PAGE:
Sumatra is the sixth largest island in the world and home to many ethnic groups speaking more than 50 different languages. Batak is a term that actually includes several ethnic groups found in Northern Sumatra near Lake Toba, and includes the Toba, Karo, Pakpak, Simalungun, Angkola and Mandailing Batak. Each have distinct languages and customs. Historically, local textiles (ulos) have reflected these ethnic differences but today there is much innovation with designs moving across all groups.

 

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The Copper Roaster Crows

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Lontar palms growing on Savu look much like the landscape in my village on Bali

The high point for me this year was bringing some of our friends from Savu over to Bali for the Ubud Readers and Writers Festival. Over the years that I have been visiting Savu I have been amazed at how comfortable I always feel there.  Perhaps it is because so much of the way of life in Savu is similar to the dry north coast of Bali where I grew up.  I see it in the ways that they use rituals to evoke prosperity, harmony and health between the realms of humans, animals and nature.  In Bali we call this Tri Hita Karana.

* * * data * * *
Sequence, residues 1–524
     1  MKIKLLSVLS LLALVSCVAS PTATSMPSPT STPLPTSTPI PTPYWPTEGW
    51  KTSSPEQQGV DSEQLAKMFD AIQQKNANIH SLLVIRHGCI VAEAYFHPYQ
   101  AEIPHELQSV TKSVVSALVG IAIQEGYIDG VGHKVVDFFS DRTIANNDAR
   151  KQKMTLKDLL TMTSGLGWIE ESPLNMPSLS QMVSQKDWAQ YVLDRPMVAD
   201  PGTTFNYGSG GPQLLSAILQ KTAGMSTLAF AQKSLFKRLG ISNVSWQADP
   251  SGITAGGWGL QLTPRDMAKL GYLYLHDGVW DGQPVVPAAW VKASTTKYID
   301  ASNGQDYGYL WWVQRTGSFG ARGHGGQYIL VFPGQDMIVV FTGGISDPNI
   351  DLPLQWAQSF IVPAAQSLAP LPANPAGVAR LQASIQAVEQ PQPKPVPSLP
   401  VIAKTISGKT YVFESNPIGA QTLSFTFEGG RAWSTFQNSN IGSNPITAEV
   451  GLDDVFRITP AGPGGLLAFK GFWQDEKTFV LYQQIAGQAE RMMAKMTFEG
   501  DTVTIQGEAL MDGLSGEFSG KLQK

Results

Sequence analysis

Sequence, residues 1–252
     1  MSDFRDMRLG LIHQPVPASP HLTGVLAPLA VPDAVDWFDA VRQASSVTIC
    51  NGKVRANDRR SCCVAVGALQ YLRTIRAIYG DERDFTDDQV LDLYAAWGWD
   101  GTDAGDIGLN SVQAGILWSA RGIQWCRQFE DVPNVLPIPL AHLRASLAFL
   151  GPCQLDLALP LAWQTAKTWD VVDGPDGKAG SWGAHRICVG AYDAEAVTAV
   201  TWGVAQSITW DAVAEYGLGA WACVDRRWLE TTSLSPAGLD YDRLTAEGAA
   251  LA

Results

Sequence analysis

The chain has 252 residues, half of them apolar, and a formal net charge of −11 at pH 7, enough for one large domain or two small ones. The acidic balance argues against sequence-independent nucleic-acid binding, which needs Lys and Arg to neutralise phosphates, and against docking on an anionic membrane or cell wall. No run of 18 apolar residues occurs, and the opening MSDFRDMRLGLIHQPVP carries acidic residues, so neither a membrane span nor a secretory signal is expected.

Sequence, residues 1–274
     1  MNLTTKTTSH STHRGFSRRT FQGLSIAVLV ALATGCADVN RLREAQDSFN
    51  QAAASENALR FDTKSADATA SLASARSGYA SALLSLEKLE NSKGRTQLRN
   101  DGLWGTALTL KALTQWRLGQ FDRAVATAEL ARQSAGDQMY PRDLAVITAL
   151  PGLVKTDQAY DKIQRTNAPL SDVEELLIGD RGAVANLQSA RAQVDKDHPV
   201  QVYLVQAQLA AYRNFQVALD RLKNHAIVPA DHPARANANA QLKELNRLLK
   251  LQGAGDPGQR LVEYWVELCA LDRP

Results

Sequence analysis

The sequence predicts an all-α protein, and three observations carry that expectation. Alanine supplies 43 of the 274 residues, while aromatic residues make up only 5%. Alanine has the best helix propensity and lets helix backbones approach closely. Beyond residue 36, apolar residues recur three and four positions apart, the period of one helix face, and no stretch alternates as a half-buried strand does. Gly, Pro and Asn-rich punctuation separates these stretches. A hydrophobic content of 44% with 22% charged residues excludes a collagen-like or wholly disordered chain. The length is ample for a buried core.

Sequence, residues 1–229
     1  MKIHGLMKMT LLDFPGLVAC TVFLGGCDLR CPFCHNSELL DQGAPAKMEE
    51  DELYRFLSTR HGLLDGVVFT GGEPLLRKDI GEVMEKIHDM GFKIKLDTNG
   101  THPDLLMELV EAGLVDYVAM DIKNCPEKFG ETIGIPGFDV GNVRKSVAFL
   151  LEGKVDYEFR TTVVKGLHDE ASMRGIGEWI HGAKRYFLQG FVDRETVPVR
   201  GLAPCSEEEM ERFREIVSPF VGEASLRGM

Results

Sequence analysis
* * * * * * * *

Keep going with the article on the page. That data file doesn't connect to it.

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Making Great Strides in West Timor

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The women of the Com Esa weavers’ group of Helong, under the guidance of Thersia Ngaing (in front with pink shirt)

In 2008 when we first sought out weavers in the Helong area, Thersia Alle Ngaing was in her late 60s and was the last woman who still had the knowledge required to weave the ethnic group’s traditional textiles. Today 11 women work with Thersia. Together they have revived the natural dye art by weaving both the woman’s Sembeg Hata textile and the mans’ Sembeg Klobe hip cloth.

 

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The Joka Ju Festival in Nggela

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Accepting an invitation to the annual Joka Ju ceremony in Nggela, Flores

Early July I received a text message from one of the traditional leaders in Nggela, Flores, inviting me to attend the traditional harvest ceremony, Joka Ju. I was eager to make this trip to learn more about the ceremonies of this very traditional community in central Flores. Joka Ju is a ritual that takes place every year according to the traditional calendar of Nggela. The purpose of the ceremony is to purify the village and its population having just completed an agricultural season.

 

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The Many Uses of a Clay Pot

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Anastasia Bete selling earthenware pots at the Ua Bau market in Belu

I first met Anastasia Bete at the weekly market in Ua Bau, Belu in 2008. Mama Anastasia was selling simple but elegant earthenware pots that are still used for cooking corn, beans and vegetables as well as natural dyes over wood fires. She told me that she can only make these pots during the dry season. I bought the pots she had with her and said I would like to visit her in her village to understand how she was making these pots.